More Possibilities

A new option for patients with multiple myeloma: DARZALEX® can now be used in combination with Revlimid® (lenalidomide) and dexamethasone or Velcade® (bortezomib) and dexamethasone in patients who have received at least one prior medicine.

How does DARZALEX® work?
  • DARZALEX® is not chemotherapy. DARZALEX® is a monoclonal antibody that works with your immune system. Monoclonal antibodies work by attaching themselves to multiple myeloma cells in your body and directly killing them, and/or signaling your immune system to destroy them
  • DARZALEX® finds and attaches to a protein called CD38, which is present on the surface of cells, including high numbers on myeloma cells
  • The main goal of the study was to measure the length of time patients live without their multiple myeloma getting worse or their passing away from any cause
    • Another goal was to measure response rate, which is the percentage of patients who responded to treatment. Talk to your doctor about how response is measured
  • The majority of patients responded to the following DARZALEX® combination treatments:
    • ​DARZALEX® was studied in combination with Revlimid® and dexamethasone (Rd) vs Rd alone in 569 patients who had received a minimum of 1 prior treatment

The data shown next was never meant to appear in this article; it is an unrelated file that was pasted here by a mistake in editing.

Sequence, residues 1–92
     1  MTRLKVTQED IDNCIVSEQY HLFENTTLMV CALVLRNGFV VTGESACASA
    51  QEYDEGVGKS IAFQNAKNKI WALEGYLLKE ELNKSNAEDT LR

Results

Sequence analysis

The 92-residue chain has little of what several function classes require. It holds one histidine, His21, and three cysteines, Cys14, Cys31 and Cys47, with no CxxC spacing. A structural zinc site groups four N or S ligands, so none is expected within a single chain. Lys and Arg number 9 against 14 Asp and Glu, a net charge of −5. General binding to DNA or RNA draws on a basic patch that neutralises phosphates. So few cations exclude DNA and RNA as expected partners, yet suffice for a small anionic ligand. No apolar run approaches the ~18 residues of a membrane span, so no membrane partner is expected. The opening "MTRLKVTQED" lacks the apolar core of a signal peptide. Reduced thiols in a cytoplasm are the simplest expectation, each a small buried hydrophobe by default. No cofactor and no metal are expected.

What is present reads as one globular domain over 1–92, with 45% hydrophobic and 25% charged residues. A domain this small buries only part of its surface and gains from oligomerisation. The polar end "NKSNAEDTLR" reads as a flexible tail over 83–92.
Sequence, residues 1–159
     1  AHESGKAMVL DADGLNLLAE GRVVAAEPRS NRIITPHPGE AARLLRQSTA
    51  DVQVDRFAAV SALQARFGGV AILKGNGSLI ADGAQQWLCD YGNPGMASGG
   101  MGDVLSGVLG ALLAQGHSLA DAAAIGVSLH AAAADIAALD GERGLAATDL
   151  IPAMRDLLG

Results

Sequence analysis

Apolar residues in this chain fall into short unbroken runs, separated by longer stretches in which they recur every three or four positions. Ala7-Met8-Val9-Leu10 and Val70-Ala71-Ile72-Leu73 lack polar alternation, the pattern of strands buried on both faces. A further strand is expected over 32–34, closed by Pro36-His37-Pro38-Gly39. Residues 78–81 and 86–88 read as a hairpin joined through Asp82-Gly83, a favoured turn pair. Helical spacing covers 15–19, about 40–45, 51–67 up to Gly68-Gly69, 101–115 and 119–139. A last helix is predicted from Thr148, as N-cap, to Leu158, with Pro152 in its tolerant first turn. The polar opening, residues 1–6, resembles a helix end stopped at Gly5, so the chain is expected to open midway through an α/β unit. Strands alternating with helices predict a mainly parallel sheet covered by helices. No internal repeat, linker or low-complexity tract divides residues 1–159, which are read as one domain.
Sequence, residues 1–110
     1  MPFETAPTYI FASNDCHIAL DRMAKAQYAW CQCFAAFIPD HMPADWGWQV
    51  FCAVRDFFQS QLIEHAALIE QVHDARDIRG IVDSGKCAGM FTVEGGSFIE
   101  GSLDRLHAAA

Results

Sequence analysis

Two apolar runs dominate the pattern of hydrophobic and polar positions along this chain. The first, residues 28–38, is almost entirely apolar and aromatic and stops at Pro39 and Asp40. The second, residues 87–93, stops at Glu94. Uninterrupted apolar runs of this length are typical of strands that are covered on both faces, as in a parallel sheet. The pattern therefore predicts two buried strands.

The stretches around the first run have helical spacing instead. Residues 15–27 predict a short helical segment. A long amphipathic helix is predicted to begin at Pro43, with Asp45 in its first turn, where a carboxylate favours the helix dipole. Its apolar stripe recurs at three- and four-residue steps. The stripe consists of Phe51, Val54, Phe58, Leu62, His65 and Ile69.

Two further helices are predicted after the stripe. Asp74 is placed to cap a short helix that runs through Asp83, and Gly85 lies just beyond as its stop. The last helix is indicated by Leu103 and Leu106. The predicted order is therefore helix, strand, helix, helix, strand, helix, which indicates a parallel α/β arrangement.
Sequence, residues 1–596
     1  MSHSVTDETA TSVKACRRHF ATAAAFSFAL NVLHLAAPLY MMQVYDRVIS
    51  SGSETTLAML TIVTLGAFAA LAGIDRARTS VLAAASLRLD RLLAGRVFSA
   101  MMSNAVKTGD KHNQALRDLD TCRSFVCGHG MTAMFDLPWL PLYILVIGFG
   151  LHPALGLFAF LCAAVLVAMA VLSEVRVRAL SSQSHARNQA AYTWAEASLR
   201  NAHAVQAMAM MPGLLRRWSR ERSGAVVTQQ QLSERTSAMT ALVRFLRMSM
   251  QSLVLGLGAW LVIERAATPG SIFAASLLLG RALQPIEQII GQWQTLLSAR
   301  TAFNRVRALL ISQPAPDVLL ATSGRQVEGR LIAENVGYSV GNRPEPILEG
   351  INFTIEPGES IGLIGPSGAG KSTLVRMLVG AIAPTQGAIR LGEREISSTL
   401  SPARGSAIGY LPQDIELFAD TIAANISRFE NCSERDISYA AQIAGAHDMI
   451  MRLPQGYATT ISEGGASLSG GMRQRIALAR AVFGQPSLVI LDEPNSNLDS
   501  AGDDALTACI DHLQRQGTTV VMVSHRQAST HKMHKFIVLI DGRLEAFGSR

• 9 out of 10 patients responded to DARZALEX® + Rd vs 7 out of 10 with Rd alone
    • DARZALEX® was studied in combination with Velcade® and dexamethasone (Vd) vs Vd alone in 498 patients who had received a minimum of 1 prior treatment
      • Almost 8 out of 10 patients responded to DARZALEX® + Vd vs almost 6 out of 10 with Vd alone
  • DARZALEX® combination treatments reduced patients’ risk of their disease getting worse or their passing away from any cause by more than 60%

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Revlimid® is a registered trademark of Celgene Corporation.
Velcade® is a registered trademark of Millennium Pharmaceuticals, Inc.

Immune system

Several types of cells and organs that work together to help the body fight infections and other diseases.

Immunomodulatory agents

Drugs that change a patient’s immune response by enhancing or suppressing the immune system.


A condition in which a part of your body becomes red, swollen, and painful, as a result of an irritation, infection, or injury.

Infusion reaction

A side effect seen with some drugs that are given intravenously.

Intravenous (IV) infusion

A way of giving medicines or other fluids by inserting them into the bloodstream through a needle or tube in a vein.


The middle number in an ordered set of values arranged from smallest to largest. Example: 3, 5, 12. The median is 5.

Monoclonal antibody

A man-made molecule that binds to substances in the body, including cancer cells. Monoclonal antibodies work with your immune system.

Proteasome inhibitors (PIs)

Drugs that slow down cancer cell growth by interfering with processes that play a role in cell function.


Molecule made up of amino acids and needed for the body to function properly. Proteins are the basis of skin, hair, and other substances in the body.


The return or worsening of a disease that had previously responded to therapy.


A measure by which an improvement related to treatment is determined by a healthcare professional or clinical trial.